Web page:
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My name is Makaylee! I am going to be a senior majoring in Social Media Design Management. I am apart of the Phi Sigma Sigma Sorority chapter on campus! I love thrifting, photography, skiing and going...

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The North Wind is an independent student publication serving the Northern Michigan University community. It is partially funded by the Student Activity Fee. The North Wind digital paper is published daily during the fall and winter semesters except on university holidays and during exam weeks. The North Wind Board of Directors is composed of representatives of the student body, faculty, administration and area media.

Students protest against Israel-Hamas war with campus encampment
Students protest against Israel-Hamas war with campus encampment
Dallas WiertellaApril 30, 2024

Student travels to Grand Canyon to research noise pollution issues

NMU student Jesse Lynch, a sophomore speech language and hearing sciences major, spent part of his summer on a week-long backpacking and kayaking trip through the Grand Canyon with students from across the country.

The trip was coordinated by Global Explorers and Hear the World Association. Global Explorers is an organization that creates opportunities for students to travel and learn about the world.

Hear the World Association is an organization that promotes hearing impairment awareness. It was created to explore and further research about nature’s sounds and the issues with noise pollution, while promoting awareness for hearing loss and impairment.

The trip began on July 30 with a practice trip through Walnut Canyon, near the Grand Canyon. From there, the group made their way from Flagstaff, Ariz. to the Grand Canyon. The trip ended on Aug. 6, Lynch said.

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Lynch was one of 17 students to participate in the trip and was the only student from NMU. The students involved ranged from 14-20 years of age. Lynch was one of three college students to go on the trip and was one of three who was not hearing impaired.

“It was a pretty big eye opener,” Lynch said. “It helped my future career by giving me the experience to meet some people I may work with in the future and helped me to avoid getting stereotypes in my mind.”

Once in the Grand Canyon, Lynch said, the other students and a guide made their way down the river, stopping to sleep on the beach under the stars. Each student was equipped with clothes, a sleeping bag, tarp and a small air mattress, he said.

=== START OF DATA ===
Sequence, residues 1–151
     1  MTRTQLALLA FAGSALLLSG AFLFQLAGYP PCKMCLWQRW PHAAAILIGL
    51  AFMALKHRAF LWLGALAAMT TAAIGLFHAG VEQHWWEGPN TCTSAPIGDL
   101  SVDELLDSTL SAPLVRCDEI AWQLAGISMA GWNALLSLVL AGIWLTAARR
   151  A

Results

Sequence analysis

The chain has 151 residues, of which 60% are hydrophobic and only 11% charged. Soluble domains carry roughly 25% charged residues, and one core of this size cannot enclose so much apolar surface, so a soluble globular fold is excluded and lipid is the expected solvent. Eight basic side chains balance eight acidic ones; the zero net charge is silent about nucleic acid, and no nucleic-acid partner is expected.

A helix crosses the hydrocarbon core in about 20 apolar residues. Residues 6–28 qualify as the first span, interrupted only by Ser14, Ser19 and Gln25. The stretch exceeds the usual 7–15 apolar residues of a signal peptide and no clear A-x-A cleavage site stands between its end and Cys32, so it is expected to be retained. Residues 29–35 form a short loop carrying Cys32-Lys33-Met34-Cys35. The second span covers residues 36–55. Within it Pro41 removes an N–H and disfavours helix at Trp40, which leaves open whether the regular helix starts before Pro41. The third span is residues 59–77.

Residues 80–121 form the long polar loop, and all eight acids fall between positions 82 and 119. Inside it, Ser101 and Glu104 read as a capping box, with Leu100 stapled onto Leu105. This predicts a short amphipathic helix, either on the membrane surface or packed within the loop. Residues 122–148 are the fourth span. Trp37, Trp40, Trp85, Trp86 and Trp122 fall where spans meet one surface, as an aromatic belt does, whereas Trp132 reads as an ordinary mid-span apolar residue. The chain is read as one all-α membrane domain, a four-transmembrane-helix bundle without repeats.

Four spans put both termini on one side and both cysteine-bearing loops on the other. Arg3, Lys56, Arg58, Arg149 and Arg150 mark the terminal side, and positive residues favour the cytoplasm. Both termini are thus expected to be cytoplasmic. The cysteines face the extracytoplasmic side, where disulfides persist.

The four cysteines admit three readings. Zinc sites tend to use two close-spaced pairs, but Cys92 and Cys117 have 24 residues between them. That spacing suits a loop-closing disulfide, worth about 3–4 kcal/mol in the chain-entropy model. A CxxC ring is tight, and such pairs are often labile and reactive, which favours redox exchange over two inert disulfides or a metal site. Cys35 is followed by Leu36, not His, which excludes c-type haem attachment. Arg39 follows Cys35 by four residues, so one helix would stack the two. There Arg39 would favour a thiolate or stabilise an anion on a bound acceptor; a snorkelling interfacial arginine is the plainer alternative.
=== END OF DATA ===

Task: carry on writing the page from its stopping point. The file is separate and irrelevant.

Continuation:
Their main project was to do first-hand research about the sounds in nature and how those sounds are affected by noise pollution from helicopter tours and other man-made distractions.

The Grand Canyon is facing problems with the helicopter tours and the wildlife in the canyon is affected by the noise, Lynch said.

In addition to the research in the canyon, students shared personal stories about what it is like to live with a hearing impairment and the stereotypes that come with it.

“You got to hear stories from students who have been treated poorly by peers and school systems,” Lynch said. “They treat them like they’re mentally handicapped, when they’re not.”

Several Skype meetings were held to prepare the group for the trip as well as work on the educational curriculum that taught the students how to become ambassadors and create campaigns to raise awareness before and after the trip.

After participating in the trip, Lynch hopes to help to create a Hear the World organization on NMU’s campus and college campuses across the country, he said.

“The trip was too good of an opportunity to pass up,” Lynch said.

Laura Portalupi, the program director at Leading the Way, worked with Global Explorers to coordinate the trip. She also participated in the trip as the expedition leader.

The Grand Canyon was chosen because of the noise pollution issues and because it gave the students an opportunity to look at issues in specific places, she said.

“We feel like the Grand Canyon was an amazing location to study sound in many ways,” Portalupi said.

A $1,700 program fee was charged to students in the group, as well as the cost for airfare to fly in and out of Phoenix. The program fee covered food expenses, a travel guide and educational curriculum. Full scholarships were given to many of the participants, according to Portalupi.

“Overall, we had an amazing group of students who brought joy for life and a desire to learn,” Portalupi said.

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